I seriously disagree with banning books for any reason. I don't believe anyone has the right to force their own views or beliefs on us, and banning a book because it contains material you don't like is forcing your views on everyone else. Let people decide for themselves what they want to read. Most parents should be glad their kids read at all with all the temptations that are out there.

Denise~ said...

PC - I find it absurd that your book is banned in a school - any school.

Years ago a long time friend gave me a pin that read "I read Banned Books". Every year the library association prints a new list of banned books - and encourages people to read them. I'm usually stunned at some of the titles on these lists - many of my favorites and quite a few classics have been found "unacceptable" by some ignorant group/person.
Having said that - Consider yourself in good company!

924168194 said...

u go girl.

deadgirl said...

P.C
I really enjoy your books. I am older 32 years old. My sister Bri is 13 years old, she love to read. I like you to know what teen are reading today.When I was younger there was nothing that I enjoyed to read.
Some people think she to young. I have my sister reading Gone with Wind. She come asking why do white people treat anyone different. My answer it was how they were raised to be blind. That's why mom and I tell you to talk the person before passing judgement. Above all else. Everything is just only face value. That how most people like to see things. Its your job to look pass it.

So keep writing. fight the good fight.
C.C

Sophie said...

Hey PC, all I have to say is:

YOU GO GIRL!!

I am a pre-teen (I am 12) and I have seen my fair share of plain jane PTA life controlers. I think you are an inspiration, you are not afraid to deal with subjects that go on like sex, that teens have to deal with. I love your books and can't wait for Tempted to come out and I have been told that they are unacceptable by certain teachers but do I care? NO! You really 'get' us teens and pre- teens and I think you are doing a great job.

Sophie xoxo

Heather said...

Being a teacher, it's hard for me when I find a good book that I know I just couldn't assign. I keep a list of them, and some more convoluted "appropriate" books and I give the list to the students as an option to read for extra credit or to get out of their final. They have to go home and get their parents to sign off on what they choose (even though they're high school students) just to cover my butt. It's optional and they could pick something else so I get by okay. I wish I could assign Ken Follett's Pillars or World W/O End, but one has a rape scene and they both have a sex scene. They're so historically accurate and they get excited about the Middle Ages after reading it, but I only get one or two kids a year that will pick them. Plus, I talk to the kids about what they've chosen and make sure they're mature enough for their picks.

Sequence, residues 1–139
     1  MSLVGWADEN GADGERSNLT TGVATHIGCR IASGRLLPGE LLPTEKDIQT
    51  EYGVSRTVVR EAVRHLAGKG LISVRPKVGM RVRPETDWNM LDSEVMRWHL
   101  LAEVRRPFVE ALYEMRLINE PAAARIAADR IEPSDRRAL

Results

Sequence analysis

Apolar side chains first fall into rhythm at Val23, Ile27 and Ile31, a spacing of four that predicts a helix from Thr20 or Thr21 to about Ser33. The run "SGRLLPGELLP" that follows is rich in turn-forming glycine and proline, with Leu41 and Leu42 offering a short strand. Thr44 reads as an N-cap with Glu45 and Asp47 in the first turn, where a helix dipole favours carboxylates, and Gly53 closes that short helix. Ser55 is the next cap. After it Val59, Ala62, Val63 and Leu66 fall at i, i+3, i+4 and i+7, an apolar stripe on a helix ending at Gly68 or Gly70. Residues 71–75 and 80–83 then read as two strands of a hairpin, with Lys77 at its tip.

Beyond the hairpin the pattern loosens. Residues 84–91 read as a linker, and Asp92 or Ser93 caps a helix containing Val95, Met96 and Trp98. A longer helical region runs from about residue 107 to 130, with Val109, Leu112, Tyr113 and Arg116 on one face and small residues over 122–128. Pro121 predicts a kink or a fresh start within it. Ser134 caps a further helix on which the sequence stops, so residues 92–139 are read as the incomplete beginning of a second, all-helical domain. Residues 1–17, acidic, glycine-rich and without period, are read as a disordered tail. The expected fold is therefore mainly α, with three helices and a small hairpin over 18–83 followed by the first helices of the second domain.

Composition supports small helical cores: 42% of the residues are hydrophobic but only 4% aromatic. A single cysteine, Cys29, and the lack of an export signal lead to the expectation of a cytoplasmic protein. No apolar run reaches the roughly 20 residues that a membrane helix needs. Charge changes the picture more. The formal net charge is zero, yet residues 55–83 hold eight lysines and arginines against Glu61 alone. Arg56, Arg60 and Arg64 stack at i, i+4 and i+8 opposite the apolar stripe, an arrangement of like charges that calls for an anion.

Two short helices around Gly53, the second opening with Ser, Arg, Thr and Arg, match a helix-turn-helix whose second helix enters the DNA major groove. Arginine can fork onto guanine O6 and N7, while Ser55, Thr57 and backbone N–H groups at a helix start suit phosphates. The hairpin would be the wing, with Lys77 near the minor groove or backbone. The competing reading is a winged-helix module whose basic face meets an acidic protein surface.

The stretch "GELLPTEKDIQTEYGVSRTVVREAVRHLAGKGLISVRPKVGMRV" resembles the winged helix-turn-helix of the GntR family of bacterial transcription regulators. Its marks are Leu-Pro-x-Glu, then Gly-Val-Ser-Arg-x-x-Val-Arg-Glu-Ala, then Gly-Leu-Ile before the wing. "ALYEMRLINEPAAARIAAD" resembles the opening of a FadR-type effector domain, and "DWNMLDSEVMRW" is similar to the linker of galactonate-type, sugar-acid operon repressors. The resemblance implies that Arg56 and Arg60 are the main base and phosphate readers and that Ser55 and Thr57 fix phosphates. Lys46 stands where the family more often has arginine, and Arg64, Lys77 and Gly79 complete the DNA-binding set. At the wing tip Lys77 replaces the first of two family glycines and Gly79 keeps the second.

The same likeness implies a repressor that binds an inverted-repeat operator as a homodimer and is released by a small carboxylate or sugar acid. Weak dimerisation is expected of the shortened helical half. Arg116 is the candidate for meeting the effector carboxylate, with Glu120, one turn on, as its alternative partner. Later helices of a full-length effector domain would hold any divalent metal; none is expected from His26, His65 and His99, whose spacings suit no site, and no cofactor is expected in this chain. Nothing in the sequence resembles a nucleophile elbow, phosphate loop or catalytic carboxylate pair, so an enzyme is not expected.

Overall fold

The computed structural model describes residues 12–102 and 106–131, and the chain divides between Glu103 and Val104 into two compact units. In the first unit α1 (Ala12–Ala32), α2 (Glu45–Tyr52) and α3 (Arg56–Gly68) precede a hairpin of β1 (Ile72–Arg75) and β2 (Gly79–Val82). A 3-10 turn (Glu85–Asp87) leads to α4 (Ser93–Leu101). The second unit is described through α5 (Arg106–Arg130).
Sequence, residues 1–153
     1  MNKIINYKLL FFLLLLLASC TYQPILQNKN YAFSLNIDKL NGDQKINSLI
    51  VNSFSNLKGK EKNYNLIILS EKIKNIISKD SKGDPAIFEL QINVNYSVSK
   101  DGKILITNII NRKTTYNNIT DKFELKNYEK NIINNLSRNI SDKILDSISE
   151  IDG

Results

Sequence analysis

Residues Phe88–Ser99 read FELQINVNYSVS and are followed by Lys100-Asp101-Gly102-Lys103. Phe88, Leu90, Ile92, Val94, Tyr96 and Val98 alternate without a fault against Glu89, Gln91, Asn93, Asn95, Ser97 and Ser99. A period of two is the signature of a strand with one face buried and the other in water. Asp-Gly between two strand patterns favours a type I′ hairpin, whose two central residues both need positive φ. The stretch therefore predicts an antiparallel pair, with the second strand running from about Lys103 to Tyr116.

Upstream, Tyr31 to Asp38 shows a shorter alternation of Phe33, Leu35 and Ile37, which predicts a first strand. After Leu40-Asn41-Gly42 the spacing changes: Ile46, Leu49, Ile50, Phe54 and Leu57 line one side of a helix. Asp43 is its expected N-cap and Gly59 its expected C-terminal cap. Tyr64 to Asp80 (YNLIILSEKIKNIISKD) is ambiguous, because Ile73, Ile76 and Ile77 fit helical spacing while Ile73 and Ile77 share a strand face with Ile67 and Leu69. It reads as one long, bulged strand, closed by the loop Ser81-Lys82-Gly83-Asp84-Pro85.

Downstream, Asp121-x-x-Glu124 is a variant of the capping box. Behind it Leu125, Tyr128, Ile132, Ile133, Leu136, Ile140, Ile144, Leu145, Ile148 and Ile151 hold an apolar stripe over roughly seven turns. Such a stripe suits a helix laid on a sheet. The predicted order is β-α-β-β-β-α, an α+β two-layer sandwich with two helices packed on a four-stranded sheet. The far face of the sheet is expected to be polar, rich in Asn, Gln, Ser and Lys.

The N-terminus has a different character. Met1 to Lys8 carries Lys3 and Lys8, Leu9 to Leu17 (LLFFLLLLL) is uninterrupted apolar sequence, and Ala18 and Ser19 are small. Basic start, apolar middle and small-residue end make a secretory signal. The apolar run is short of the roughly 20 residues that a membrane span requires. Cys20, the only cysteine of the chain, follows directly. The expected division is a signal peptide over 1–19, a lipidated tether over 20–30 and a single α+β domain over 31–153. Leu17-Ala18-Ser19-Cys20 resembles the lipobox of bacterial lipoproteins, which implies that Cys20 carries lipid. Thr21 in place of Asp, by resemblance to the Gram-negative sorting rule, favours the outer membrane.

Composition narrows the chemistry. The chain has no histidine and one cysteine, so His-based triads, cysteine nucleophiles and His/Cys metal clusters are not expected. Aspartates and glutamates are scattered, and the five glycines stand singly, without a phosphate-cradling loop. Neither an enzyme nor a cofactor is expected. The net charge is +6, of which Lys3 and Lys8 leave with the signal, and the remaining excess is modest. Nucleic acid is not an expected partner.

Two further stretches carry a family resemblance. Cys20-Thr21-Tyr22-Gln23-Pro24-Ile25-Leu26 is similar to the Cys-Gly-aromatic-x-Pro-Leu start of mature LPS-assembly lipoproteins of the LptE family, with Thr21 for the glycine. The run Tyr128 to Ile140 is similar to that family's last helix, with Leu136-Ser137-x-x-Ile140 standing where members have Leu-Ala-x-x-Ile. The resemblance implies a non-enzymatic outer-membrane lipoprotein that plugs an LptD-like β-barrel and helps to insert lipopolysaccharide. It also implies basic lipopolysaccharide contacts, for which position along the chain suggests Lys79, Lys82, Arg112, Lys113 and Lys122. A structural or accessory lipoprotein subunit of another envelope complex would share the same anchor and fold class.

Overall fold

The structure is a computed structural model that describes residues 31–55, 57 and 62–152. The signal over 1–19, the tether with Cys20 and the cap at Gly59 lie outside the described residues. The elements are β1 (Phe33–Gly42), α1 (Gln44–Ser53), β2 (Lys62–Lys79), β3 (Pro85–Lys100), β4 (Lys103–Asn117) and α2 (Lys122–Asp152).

As for Texas... Grrr... my husband wanted to move there and I told him it wasn't happening. They also think Michelangelo's David should be removed from all texts because the statue "violates their daughters". Apparently there's no difference between the David and Hustler.
I'm sure that this will mean that more kids will try to sneak your books. The best way to increase somethings popularity amongst teenagers is to ban something. Good luck dealing with the neanderthal's.

PC Cast said...

Heather - I was right there in the trenches with you, girl. I fought to have novel day every Friday, where kids read WHAT THEY WANTED TO READ instead of "literature." I, too, had to have parents sign forms that I kept on file so I could show they approved of their child's choices, which was actually fine with me. What wasn't fine was that I had to continually battle my administration about the importance of reading. Yep, "educated" professionals in the field of education fought me on the importance of reading. The first English department meeting after I left teaching they did away with the reading program I'd established for fifteen years. That would be at South Intermediate High School in Broken Arrow, OK. What a terrible disservice they're doing those kids!